Archive for August, 2010

You’ve heard it said time after time by touring pros: I just have to be patient, when asked what they’re plan is for the upcoming round. But what exactly does that mean, especially in a society where few people seem to know what it means to be patient?  How many patient drivers have you seen lately? How many patient fans have you seen at the ballpark? Who’s patient at the DMV? And what about the foursome behind you? Were they patient when you last checked?

It is no easy thing to be patient. It has long been a virtue, as Emerson wrote in the mid 19th century,”Adopt the pace of nature; her secret is patience”.* I learned about patience on Buddhist retreats, (more…)

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Americans don’t like rules much. Generally, we follow them but we gripe along the way. They’re usually written in fine print or in legalese or in laws that we didn’t even know existed, so we don’t bother following them to the letter. We look for ways around them, hoping that our infractions are so miniscule that no one will notice. In sports, there are penalties for breaking rules. In football you can lose yards or have touchdowns canceled; in basketball there are foul shots; in baseball you can get thrown out of the game; in soccer there are penalty kicks; in horse-racing you can get disqualified; and in golf there are penalty strokes.

In golf, I’ve seen amateurs, including myself, break the rules in friendly games, like giving oneself a preferred lie on occasion

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I was playing with what might have been the worst golfer in the world the other day at the muni I frequent, Bennett Valley in Santa Rosa, CA, a really nice guy named Mike, and he turned to me and asked “Why do people keep returning to play this impossible game?” Mike might have the worst swing ever but he asks good questions. I myself have quit the game about 5-6 times out of total frustration, but returned every time although sometimes only after several years. Now, in my older age, I’m here to stay. So I have some direct experience with Mike’s question.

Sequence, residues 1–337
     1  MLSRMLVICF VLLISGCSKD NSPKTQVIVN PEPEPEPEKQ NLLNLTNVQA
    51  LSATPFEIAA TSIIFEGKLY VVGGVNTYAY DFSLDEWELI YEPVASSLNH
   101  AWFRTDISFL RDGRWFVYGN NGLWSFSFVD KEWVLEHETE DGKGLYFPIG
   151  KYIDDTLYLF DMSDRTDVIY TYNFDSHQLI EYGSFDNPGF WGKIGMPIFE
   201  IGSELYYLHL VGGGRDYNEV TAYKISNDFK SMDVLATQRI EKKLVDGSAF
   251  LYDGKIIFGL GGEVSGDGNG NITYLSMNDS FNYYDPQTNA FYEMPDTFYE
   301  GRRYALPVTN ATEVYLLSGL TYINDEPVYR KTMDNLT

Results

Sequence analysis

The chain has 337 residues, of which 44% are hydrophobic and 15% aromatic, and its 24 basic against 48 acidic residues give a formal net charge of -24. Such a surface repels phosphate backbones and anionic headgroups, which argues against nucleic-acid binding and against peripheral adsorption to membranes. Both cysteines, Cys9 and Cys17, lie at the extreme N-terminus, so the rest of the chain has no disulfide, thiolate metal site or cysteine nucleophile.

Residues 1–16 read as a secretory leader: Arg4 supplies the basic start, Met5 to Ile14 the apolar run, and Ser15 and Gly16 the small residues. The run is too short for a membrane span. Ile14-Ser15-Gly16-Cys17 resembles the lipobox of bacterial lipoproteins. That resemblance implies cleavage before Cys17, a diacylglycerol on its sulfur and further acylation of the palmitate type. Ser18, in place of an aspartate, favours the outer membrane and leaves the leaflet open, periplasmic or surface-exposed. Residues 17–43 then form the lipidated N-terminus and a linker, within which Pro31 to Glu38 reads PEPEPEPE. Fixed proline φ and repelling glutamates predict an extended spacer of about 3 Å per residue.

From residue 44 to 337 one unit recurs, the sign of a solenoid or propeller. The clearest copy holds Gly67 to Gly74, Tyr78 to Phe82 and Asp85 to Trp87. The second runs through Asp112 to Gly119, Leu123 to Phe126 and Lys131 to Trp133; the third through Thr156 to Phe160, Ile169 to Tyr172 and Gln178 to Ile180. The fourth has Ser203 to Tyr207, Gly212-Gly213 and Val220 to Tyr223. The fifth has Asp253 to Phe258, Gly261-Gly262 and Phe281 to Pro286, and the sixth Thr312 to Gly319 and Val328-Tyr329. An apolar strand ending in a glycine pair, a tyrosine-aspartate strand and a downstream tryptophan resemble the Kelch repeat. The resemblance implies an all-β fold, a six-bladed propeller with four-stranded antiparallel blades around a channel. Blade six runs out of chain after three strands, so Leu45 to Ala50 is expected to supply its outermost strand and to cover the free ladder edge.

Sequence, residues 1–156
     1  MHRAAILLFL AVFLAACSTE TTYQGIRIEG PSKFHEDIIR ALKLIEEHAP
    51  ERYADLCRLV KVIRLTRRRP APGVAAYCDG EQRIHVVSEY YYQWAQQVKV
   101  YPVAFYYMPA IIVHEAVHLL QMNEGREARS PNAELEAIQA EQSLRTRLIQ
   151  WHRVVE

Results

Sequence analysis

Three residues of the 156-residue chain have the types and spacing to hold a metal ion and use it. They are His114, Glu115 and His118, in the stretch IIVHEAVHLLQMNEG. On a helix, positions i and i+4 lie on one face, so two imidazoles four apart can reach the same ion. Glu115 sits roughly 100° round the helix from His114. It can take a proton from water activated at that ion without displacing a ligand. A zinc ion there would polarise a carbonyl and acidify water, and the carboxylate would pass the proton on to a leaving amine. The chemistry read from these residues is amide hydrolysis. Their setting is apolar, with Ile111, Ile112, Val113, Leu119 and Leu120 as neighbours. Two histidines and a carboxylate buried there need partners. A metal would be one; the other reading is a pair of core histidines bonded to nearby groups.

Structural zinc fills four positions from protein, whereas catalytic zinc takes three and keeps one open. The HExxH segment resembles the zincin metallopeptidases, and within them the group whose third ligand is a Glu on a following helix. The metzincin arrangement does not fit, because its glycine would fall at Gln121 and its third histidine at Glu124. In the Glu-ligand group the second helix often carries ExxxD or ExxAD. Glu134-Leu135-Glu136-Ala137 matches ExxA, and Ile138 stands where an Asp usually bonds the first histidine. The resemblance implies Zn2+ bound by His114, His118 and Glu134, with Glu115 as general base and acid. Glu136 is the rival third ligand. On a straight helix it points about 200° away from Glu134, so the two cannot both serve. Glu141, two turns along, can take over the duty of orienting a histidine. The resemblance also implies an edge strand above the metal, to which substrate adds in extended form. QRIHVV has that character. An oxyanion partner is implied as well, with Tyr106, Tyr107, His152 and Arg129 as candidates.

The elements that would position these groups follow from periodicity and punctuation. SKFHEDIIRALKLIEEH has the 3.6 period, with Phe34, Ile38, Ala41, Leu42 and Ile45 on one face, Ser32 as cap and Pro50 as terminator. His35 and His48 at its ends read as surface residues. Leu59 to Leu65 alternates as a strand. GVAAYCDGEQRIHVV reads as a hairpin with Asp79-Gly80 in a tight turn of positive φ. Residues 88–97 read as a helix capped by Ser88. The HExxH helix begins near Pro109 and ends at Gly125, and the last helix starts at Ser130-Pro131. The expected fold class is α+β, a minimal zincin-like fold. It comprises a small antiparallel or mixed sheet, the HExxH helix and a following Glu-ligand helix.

My initial answer was that golf is a good example of a theory of behavioral psychology, (more…)

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Four months ago I took on a demanding, full time job (after losing a higher paying part time job to budget cuts), changing my life dramatically, including my golfing life. I no longer had the time or energy to practice as much as I had been. And a strange thing happened. I started hitting the ball more solidly and scoring better when I played, which was also much less than before. With practice, I tend to get very technical and mechanical, losing the natural feel and flow of my swing, ignoring that basic connection of my hands–those sensitive hands and fingers that virtually define us as human beings–on the grip. The hands send millions of signals to the brain which in turn sends commands to the body to act in specific ways. And at some point, we must give that communication free expression. Sure, there’s a place for lessons and practice but if you get too mechanical, you risk losing that aspect of the game that relies on what we already know, but needs us to get out of our own way to see.

We practice to gain some sense of control over this impossible game. (more…)

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